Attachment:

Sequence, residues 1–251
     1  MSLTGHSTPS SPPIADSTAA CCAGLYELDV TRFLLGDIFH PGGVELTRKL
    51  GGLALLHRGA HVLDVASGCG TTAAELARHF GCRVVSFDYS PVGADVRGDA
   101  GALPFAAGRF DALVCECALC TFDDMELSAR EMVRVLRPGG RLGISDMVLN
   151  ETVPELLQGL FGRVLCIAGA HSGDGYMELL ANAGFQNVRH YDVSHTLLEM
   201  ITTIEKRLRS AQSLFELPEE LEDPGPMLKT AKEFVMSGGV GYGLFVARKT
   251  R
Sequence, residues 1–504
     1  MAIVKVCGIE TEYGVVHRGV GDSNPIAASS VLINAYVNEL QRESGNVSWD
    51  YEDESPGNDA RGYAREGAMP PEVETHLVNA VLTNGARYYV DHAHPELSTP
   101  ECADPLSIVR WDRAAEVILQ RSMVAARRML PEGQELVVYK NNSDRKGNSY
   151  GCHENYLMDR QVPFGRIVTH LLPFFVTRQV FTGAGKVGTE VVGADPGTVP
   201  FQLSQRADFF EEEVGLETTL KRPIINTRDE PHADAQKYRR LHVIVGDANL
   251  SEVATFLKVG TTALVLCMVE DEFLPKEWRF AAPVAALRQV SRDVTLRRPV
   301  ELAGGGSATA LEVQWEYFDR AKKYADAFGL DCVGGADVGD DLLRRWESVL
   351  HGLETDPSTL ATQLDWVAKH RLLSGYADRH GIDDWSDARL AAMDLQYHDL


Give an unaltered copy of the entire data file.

Sequence, residues 1–251
     1  MSLTGHSTPS SPPIADSTAA CCAGLYELDV TRFLLGDIFH PGGVELTRKL
    51  GGLALLHRGA HVLDVASGCG TTAAELARHF GCRVVSFDYS PVGADVRGDA
   101  GALPFAAGRF DALVCECALC TFDDMELSAR EMVRVLRPGG RLGISDMVLN
   151  ETVPELLQGL FGRVLCIAGA HSGDGYMELL ANAGFQNVRH YDVSHTLLEM
   201  ITTIEKRLRS AQSLFELPEE LEDPGPMLKT AKEFVMSGGV GYGLFVARKT
   251  R
Sequence, residues 1–504
     1  MAIVKVCGIE TEYGVVHRGV GDSNPIAASS VLINAYVNEL QRESGNVSWD
    51  YEDESPGNDA RGYAREGAMP PEVETHLVNA VLTNGARYYV DHAHPELSTP
   101  ECADPLSIVR WDRAAEVILQ RSMVAARRML PEGQELVVYK NNSDRKGNSY
   151  GCHENYLMDR QVPFGRIVTH LLPFFVTRQV FTGAGKVGTE VVGADPGTVP
   201  FQLSQRADFF EEEVGLETTL KRPIINTRDE PHADAQKYRR LHVIVGDANL
   251  SEVATFLKVG TTALVLCMVE DEFLPKEWRF AAPVAALRQV SRDVTLRRPV
   301  ELAGGGSATA LEVQWEYFDR AKKYADAFGL DCVGGADVGD DLLRRWESVL
   351  HGLETDPSTL ATQLDWVAKH RLLSGYADRH GIDDWSDARL AAMDLQYHDL